Billy Joel gets a bad rap in the “serious music lover” world. The fact that his best songs were hits seems to make him lose all street cred that songwriters like Bob Dylan and Leonard Cohen maintain. Bruce Springsteen’s the only widely-respected songwriter I can think of with massive hits, but then again if you “know your music”, you wouldn’t be caught dead with Born in the USA on your favorites list.
However, since I was young Billy has been a favorite of mine, but due to ticket prices and distances a concert had eluded me until this weekend. I’m thrilled I finally caught a show…but am in no hurry to see another.
The show was Nostalgia with a capital N. Just about every hit was played and, with a guy with so many hits, that was basically the whole setlist. They’re excellent songs, to be sure, but the sing-a-long aspect began to wear after a while (especially with a crowd too busy preparing for their post-concert drunken casino binge to actually do much singing).
There’s nothing inherently wrong with faithfully-performed renditions of the big hits. Lest us in the music-blogging world forget, that’s how most bands operate. With Billy Joel, however, that was all there was, little tangible movement or excitement on stage available to enliven the proceedings. Being the “piano man” is clearly limiting, confining him to a stationary seat where his guitar-playing counterparts can strut around. The band, however, seemed so desperate not to upstage Joel that they were equally boring, wandering forward for the occasional solo, but looking remarkably uninterested besides. The exception to the rule was guitarist Tommy Bynes (also by far the most obviously talented musician up there), who looked like some more friendly character from the Sopranos letting loose in his weekend bar band.
If the band was unexciting, one aspect of the show almost made up for it: the lights. Joel could have performed twice as well and the lighting designer still would have been the star of the show. Every moment of the concert had some coordinated lighting system, colors and shapes cascading across the stage and around the arena. The blue lights during “Downeaster Alexa” set a rolling sea mood, and the swirling colors in an extended “River of Dreams” invoked both images in that title.
There were highlights, though, and Billy Joel certainly is good at what he does. Decades since he rose to fame, his piano-playing is still top notch, as seen in a frenetic “Angry Young Man” and the lively Diddly-beat intro to “Don’t Ask Me Why”. Even better, though, was when he ditched the piano completely, going mano-a-mano with the microphone during “It’s Still Rock’n’Roll To Me”. Roger Daltry may be famous for throwing his mic up in the air and catching it, but Billy throws the whole damn stand! More moments like that would have given the show some much-needed energy.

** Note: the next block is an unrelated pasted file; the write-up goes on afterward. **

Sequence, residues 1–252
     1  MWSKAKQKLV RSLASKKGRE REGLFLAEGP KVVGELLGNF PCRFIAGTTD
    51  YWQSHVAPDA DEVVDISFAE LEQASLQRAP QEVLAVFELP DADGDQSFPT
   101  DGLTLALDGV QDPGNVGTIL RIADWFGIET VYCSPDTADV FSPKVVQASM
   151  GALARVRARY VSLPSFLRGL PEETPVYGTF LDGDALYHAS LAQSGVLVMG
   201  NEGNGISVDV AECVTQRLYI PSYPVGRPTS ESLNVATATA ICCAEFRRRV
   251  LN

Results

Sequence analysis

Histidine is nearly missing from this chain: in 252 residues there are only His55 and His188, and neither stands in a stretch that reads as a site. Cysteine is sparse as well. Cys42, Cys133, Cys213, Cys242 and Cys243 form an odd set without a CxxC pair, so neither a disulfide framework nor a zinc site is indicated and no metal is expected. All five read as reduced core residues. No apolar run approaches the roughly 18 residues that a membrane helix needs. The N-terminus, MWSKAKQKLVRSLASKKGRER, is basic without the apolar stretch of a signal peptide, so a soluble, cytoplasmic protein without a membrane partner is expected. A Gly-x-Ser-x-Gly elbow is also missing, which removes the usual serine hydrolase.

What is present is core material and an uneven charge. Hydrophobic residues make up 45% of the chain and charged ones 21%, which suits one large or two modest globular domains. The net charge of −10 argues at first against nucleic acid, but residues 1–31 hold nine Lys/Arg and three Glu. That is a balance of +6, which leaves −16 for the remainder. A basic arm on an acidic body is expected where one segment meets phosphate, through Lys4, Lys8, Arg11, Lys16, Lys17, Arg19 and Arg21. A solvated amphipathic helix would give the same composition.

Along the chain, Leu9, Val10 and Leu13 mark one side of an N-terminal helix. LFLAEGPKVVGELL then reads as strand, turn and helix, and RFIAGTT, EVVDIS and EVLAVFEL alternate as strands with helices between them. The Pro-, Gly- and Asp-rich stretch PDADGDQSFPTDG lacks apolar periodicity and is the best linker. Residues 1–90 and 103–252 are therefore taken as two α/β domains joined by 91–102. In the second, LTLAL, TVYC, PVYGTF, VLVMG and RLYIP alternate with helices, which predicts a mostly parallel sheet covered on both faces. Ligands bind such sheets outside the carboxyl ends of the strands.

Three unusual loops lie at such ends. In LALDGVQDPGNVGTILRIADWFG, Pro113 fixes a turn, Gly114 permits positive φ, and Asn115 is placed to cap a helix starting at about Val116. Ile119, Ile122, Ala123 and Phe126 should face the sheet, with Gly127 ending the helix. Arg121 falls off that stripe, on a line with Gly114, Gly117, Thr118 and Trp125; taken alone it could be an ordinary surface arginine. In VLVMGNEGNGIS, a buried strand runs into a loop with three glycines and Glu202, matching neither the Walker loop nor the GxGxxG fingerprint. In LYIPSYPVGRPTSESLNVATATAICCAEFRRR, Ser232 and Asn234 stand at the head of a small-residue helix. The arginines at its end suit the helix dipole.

Speaking of energy, a review of this show would be remiss without mention of the cover of AC/DC’s “Highway to Hell,” sung by roadie Chainsaw. And it had plenty of energy, to be sure. Too bad it was the sort of energy you might get from a drunk uncle singing lewd songs at your wedding. An absolute embarrassment, it’s inconceivable why Joel had this guy came up unless he owed him a favor or something. If you need a break from singing, Billy, play an instrumental, take a set break – hell, just clap into the microphone for five minutes, and it would still be preferable to Chainsaw’s incoherent yelling.
At least that changed the show up a little bit though, in a concert that became stagnant quickly. Good for the one-time casual fan, but not much content there for anyone in search of something deeper. Though I will say this: hearing “Piano Man” in concert with a few thousand people is an experience that can’t be replicated.
Prelude/Angry Young Man
New York State of Mind
Keeping the Faith
Don't Ask Me Why
She's Always a Woman
River of Dreams
Highway to Hell
We Didn't Start the Fire
It's Still Rock and Roll to Me
You May Be Right
Scenes from an Italian Restaurant
Only the Good Die Young